• There are for example three methods of subdividing the virtual address space managed by the MAC, i.e.
    • a) segmentation
    • b) two-level paging
    • c) segmentation with paging.
  • The first method (segmentation) is illustrated in Figure 1. This first method divides the virtual address space (100) into segments that are continuous in memory. A virtual address is then composed of a segment number (SN) and an offset (OFFS). When segmentation is used, the MAC is always provided with a number of segment tables. A first part of the segment number indicates a segment table pointer (STP) which on its turn indicates a selected segment table wherein segment descriptors are stored. Those segment descriptors contain the base address of the segment in physical memory as well as the length of the segment. The physical address which has to be generated in order to access a location in the main memory is generated as given hereunder. A second part of the segment number (SN) of the virtual address indicates a location in the selected segment table (ST). At that indicated location in the segment table there is stored a segment descriptor. The segment length which is present in that descriptor-is compared with the offset (OFFS) of the virtual address in order to check if the offset does not exceed the segment length. If this should be the case an interrupt is generated. If on the other hand the segment length is compatible with the local memory capacity, the offset is added to the segment basis (SN + PN) present in the descriptor and the physical address (105) is herewith generated. The advantage of segmentation is that the designer can choose a maximum length for a segment because the segment length can be adapted to the length of the program or data to be loaded.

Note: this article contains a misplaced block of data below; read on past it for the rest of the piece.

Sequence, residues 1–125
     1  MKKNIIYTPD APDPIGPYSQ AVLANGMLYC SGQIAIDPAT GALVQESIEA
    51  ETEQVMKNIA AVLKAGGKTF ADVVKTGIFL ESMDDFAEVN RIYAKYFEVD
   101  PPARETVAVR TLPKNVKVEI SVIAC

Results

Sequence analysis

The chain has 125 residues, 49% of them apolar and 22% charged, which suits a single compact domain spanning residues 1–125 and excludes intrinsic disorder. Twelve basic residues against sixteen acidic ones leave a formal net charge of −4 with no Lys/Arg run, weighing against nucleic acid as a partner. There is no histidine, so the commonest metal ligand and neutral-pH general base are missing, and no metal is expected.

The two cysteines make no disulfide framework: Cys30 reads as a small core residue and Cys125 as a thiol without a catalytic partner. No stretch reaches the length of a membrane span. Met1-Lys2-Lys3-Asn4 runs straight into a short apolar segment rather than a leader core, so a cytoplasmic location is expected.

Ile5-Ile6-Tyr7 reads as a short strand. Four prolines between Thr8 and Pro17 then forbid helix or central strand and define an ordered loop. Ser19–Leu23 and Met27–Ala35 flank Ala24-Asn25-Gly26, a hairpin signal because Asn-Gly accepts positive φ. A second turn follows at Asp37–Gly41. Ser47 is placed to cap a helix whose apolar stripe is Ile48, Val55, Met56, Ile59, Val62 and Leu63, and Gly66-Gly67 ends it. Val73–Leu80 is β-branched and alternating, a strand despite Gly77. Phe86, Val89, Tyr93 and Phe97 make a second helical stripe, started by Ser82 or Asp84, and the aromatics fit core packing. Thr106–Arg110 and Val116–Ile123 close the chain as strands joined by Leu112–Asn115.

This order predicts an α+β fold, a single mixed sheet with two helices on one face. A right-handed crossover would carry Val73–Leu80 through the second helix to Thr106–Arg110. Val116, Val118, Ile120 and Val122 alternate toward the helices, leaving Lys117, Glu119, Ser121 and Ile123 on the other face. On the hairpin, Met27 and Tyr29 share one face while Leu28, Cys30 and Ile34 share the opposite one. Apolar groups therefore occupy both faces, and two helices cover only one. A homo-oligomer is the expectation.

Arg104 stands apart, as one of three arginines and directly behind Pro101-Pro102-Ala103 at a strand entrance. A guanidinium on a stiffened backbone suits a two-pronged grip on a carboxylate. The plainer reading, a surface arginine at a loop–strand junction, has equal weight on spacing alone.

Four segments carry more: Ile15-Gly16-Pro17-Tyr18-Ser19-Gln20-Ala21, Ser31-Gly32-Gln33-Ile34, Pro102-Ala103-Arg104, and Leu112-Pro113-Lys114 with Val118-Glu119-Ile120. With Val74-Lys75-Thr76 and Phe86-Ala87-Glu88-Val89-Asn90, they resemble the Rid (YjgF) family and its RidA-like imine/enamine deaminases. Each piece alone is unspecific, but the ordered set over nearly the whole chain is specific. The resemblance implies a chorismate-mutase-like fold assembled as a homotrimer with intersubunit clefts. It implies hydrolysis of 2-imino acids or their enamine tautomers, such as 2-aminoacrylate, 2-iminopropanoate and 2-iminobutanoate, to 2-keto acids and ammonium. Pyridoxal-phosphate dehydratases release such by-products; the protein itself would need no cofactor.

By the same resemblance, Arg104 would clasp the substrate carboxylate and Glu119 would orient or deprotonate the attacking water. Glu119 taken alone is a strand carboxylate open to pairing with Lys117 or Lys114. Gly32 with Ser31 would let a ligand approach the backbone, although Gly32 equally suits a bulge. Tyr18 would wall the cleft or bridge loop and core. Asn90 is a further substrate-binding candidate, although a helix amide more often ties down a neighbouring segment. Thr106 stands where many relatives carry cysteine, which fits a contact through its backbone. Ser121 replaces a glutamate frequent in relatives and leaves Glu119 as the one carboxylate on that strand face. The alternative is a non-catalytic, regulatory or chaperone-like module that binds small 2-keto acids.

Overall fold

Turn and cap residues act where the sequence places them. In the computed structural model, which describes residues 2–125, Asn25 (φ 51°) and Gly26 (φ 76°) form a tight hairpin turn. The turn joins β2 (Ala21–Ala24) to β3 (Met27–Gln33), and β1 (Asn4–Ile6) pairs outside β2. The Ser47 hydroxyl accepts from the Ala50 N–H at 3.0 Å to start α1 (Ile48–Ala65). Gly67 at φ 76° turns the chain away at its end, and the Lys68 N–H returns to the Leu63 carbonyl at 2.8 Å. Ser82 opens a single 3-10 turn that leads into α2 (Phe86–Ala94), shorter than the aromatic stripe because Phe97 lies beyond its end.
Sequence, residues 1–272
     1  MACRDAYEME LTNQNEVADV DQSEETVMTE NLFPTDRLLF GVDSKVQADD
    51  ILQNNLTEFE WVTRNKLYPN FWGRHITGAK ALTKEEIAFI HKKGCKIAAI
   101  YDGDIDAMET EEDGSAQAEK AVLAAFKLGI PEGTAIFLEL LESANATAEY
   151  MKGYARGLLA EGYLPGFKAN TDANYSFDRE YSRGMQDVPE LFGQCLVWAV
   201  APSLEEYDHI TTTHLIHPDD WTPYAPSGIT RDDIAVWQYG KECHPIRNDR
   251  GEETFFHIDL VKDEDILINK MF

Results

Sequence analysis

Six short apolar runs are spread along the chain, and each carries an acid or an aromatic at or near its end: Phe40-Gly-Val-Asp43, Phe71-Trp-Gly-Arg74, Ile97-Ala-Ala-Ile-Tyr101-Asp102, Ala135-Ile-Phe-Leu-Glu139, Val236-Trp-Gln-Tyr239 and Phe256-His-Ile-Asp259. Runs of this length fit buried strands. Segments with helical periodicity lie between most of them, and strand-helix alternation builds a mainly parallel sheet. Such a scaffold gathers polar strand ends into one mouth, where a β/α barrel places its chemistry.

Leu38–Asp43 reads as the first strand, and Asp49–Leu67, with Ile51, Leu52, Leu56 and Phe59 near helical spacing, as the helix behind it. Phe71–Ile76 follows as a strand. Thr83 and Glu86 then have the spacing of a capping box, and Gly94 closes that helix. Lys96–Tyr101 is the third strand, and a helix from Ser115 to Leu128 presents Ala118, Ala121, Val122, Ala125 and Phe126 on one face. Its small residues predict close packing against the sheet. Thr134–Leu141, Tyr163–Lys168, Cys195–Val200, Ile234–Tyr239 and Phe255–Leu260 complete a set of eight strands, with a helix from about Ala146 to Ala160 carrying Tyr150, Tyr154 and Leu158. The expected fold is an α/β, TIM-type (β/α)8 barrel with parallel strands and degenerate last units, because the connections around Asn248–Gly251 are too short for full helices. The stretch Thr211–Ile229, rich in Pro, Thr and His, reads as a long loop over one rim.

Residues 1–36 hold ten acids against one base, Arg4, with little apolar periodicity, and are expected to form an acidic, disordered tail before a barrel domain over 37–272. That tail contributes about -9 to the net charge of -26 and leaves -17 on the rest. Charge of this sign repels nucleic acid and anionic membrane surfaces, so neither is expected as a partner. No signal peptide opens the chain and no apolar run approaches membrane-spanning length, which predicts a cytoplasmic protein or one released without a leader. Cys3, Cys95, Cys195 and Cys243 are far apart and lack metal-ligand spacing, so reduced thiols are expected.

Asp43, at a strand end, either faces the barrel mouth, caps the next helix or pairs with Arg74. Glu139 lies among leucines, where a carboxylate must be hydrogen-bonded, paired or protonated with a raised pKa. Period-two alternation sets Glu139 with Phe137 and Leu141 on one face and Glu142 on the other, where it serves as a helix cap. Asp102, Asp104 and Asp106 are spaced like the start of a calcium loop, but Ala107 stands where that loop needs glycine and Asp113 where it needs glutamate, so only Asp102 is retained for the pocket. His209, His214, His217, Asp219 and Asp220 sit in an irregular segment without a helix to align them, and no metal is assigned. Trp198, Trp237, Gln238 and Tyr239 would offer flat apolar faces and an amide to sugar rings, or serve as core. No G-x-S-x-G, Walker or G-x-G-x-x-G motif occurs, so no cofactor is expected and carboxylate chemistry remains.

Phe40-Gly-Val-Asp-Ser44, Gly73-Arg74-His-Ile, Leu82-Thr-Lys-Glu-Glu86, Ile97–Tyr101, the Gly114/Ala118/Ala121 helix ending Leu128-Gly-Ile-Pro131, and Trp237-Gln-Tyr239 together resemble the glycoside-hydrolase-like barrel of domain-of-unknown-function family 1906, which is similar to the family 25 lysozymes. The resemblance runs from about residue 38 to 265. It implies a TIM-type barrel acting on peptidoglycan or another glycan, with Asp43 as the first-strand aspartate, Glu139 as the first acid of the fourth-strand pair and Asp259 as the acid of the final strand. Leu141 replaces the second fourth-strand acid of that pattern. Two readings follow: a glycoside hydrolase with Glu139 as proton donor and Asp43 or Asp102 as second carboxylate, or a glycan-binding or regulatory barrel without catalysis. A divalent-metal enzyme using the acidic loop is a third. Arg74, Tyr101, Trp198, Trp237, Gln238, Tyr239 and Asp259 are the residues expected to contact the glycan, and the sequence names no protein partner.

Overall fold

• The second method, called two-level paging, is illustrated in Figure 2. In this method the virtual address space (100) is divided into pages of fixed sizes, with each page configured to be for example 1K, 2K, 4K or 8K bytes long. When two-level paging is used there is no check on the offset in order to form the physical address because the pages have fixed length. Paging partitions physical main memory into same-sized page frames and secondary memory (e.g. the system disk) into pages. The paging mechanism transfers pages from secondary memory to page frames in main memory when necessary and, given a logical address, it performs the mapping operation, i.e. determining which page a logical address refers to and finding the associated page frame.